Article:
The paper is an outgrowth of a meeting the group held at the Banbury Conference Centre in Cold Spring Harbor, N.Y., to discuss the crisis and it appears in the journal Nature Reviews Microbiology.
The group notes that in Europe in 2007, the number of infections by multidrug-resistant bacteria was 400,000 and there were 25,000 attributable deaths.
In the United States alone, antibiotic-resistant infections are responsible for $20 billion per year in excess health care costs, $35 billion per year in societal costs and 8 million additional hospital stays per year.
The problem of resistance is compounded by the fact that we live in a global economy, resulting in a worldwide spread of antibiotic-resistant genes.
The Banbury group recommends that research priorities be established to control resistance.
They point out that additional basic information about resistance is required to address the crisis.
"Increasing lines of evidence identify the principal reservoirs of resistance genes to be bacteria that live in and on humans and animals, as well as those found in the environment (in soil, water and so on)," the paper notes. "However, there is insufficient information about the conditions and factors that lead to the mobilization, selection and movement of these bacteria into and between animal and human populations."
The report also calls for increased international funding to enable scientists to track new antibiotic-resistance threats worldwide, in a manner similar to how the World Health Organization and other agencies track influenza out breaks.
The paper points out that antibiotic resistance is life-threatening in the same sense as cancer, both in the number of cases and the likely outcome. It therefore calls for a public education campaign about bacteria and antibiotic resistance similar to those that have been mounted for cancer awareness.
The study also notes that in some parts of the world, population density, the uncontrolled use of antibiotics, a lack of both a clean water supply and proper treatment for sewage and industrial effluent create the conditions that disseminate and select resistant bacteria.
"Local governments must be encouraged and supported to invest in better sanitation infrastructure and tighter prescription regulations to control the rapid evolution of resistance," the scientists said. "This is a worldwide, multinational problem and must be treated as such."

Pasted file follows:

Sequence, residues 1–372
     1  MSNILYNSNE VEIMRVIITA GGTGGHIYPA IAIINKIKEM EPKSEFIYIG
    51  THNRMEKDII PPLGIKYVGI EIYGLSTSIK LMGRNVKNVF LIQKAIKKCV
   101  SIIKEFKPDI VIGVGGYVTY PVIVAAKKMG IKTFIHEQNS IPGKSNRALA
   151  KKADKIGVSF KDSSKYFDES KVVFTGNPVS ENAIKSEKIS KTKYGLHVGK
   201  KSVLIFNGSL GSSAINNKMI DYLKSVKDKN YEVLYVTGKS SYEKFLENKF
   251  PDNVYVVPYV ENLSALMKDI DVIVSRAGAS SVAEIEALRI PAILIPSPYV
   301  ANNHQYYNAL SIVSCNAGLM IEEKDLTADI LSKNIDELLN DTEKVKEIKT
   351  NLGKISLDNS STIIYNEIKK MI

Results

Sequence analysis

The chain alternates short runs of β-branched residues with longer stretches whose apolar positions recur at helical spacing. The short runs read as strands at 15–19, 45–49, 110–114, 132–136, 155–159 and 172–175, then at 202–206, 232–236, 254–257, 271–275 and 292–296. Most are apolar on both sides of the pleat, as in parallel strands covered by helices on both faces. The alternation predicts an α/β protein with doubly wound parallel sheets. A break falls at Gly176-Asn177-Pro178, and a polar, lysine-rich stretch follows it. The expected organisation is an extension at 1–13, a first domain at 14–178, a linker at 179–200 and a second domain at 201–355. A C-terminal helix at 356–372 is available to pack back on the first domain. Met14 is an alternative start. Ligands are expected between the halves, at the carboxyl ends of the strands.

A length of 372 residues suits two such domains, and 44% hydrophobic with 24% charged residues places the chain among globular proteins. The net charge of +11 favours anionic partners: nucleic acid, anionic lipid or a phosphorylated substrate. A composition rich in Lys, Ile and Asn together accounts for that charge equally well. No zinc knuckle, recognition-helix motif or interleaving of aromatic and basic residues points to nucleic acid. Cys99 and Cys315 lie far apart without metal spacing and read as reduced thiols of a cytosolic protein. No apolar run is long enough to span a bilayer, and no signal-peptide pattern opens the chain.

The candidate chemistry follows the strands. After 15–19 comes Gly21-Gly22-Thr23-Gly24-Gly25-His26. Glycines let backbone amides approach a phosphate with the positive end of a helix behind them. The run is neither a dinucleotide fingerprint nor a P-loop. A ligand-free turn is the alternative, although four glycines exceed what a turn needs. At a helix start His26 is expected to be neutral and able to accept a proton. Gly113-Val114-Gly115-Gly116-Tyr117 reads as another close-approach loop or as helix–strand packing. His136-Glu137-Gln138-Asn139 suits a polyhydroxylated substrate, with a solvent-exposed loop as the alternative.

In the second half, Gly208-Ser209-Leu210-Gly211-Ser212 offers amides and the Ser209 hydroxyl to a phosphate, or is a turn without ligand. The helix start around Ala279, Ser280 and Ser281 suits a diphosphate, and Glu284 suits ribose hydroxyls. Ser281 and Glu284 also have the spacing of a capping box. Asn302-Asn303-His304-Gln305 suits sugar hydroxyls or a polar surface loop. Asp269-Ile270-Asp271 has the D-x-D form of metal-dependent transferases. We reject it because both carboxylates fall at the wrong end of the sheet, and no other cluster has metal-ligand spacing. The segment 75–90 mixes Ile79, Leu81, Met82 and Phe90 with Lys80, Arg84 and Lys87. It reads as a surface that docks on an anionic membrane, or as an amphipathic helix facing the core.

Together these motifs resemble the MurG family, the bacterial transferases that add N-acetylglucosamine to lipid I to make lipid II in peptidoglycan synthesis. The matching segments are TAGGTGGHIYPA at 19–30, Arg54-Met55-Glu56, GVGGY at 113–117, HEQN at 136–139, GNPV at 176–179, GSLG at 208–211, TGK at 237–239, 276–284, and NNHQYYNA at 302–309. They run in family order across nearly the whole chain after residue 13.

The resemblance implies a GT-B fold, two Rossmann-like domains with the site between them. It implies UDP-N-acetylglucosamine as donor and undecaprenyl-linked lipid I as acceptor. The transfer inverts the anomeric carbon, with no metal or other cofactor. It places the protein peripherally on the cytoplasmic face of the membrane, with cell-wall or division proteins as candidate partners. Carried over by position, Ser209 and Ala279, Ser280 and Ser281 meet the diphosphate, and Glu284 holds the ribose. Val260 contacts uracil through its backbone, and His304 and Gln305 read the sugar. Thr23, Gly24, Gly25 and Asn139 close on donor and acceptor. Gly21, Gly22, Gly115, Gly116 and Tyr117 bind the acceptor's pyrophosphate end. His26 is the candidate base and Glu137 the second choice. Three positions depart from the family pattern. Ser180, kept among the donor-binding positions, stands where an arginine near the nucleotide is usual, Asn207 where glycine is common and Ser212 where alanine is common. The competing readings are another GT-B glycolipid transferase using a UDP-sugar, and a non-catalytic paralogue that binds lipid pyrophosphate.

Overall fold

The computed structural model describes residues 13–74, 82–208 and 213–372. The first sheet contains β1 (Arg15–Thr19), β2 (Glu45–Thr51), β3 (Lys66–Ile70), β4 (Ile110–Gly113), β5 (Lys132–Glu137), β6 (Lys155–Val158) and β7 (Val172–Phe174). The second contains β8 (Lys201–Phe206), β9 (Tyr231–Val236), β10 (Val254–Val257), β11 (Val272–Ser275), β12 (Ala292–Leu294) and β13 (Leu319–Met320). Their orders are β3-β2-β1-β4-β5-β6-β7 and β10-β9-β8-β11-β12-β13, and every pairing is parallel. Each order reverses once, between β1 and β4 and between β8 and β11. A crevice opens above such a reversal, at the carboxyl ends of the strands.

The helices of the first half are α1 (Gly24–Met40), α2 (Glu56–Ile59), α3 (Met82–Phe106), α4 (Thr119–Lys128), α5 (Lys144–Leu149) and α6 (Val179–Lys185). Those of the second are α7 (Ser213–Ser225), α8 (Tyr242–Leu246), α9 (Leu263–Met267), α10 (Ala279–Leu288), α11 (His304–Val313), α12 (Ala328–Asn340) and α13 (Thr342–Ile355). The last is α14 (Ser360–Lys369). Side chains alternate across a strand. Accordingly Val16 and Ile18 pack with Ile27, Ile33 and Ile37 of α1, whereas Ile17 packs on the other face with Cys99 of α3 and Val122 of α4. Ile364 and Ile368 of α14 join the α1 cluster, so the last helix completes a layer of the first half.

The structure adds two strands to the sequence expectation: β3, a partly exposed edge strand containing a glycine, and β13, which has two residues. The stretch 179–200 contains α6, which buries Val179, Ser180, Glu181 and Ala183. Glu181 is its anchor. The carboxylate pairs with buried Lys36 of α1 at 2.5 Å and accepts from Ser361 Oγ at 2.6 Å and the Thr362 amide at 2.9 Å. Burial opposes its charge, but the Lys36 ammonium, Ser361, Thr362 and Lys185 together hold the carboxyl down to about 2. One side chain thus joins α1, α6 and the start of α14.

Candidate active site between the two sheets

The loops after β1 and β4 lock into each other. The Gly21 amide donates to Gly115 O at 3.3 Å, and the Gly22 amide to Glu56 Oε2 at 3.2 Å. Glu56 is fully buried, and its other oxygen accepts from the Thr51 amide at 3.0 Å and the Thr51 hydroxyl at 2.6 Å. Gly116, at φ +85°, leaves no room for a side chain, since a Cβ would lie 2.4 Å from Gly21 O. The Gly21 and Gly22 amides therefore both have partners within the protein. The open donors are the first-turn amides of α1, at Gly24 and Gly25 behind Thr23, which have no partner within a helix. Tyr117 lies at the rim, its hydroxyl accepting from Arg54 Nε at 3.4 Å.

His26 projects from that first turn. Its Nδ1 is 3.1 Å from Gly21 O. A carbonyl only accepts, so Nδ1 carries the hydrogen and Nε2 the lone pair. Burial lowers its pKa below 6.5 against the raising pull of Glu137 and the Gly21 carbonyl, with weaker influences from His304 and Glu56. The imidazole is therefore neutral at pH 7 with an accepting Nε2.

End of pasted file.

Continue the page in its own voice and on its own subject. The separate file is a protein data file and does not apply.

The group also notes that it is essential to develop a continuous supply of new antibiotics that are not affected by known or existing mechanisms of resistance. The economics of pharmaceutical drug development offer little incentive for companies to develop new antibiotics, since the drugs are used on an episodic, rather than continual, basis. New public-private partnerships must develop to overcome the economics barriers facing the development o new antibiotics.
The Banbury participants also call for better control of antibiotic use, repurposing of old antibiotics to battle resistance and new alternatives to antibiotics.
The group's paper concludes, "The cost of the undertaking that we propose will be infinitesimally small in comparison to the economic and human cost of doing nothing."
Shahriar Mobashery | EurekAlert!
New way to look at cell membranes could change the way we study disease
19.11.2018 | University of Oxford
Controlling organ growth with light
19.11.2018 | European Molecular Biology Laboratory
Researchers at the University of New Hampshire have captured a difficult-to-view singular event involving "magnetic reconnection"--the process by which sparse particles and energy around Earth collide producing a quick but mighty explosion--in the Earth's magnetotail, the magnetic environment that trails behind the planet.
Magnetic reconnection has remained a bit of a mystery to scientists. They know it exists and have documented the effects that the energy explosions can...
Biochips have been developed at TU Wien (Vienna), on which tissue can be produced and examined. This allows supplying the tissue with different substances in a very controlled way.
Cultivating human cells in the Petri dish is not a big challenge today. Producing artificial tissue, however, permeated by fine blood vessels, is a much more...
Faster and secure data communication: This is the goal of a new joint project involving physicists from the University of Würzburg. The German Federal Ministry of Education and Research funds the project with 14.8 million euro.
In our digital world data security and secure communication are becoming more and more important. Quantum communication is a promising approach to achieve...
On Saturday, 10 November 2018, the research icebreaker Polarstern will leave its homeport of Bremerhaven, bound for Cape Town, South Africa.
When choosing materials to make something, trade-offs need to be made between a host of properties, such as thickness, stiffness and weight. Depending on the application in question, finding just the right balance is the difference between success and failure
Now, a team of Penn Engineers has demonstrated a new material they call "nanocardboard," an ultrathin equivalent of corrugated paper cardboard. A square...
19.11.2018 | Event News
09.11.2018 | Event News
06.11.2018 | Event News
19.11.2018 | Materials Sciences
19.11.2018 | Information Technology
19.11.2018 | Life Sciences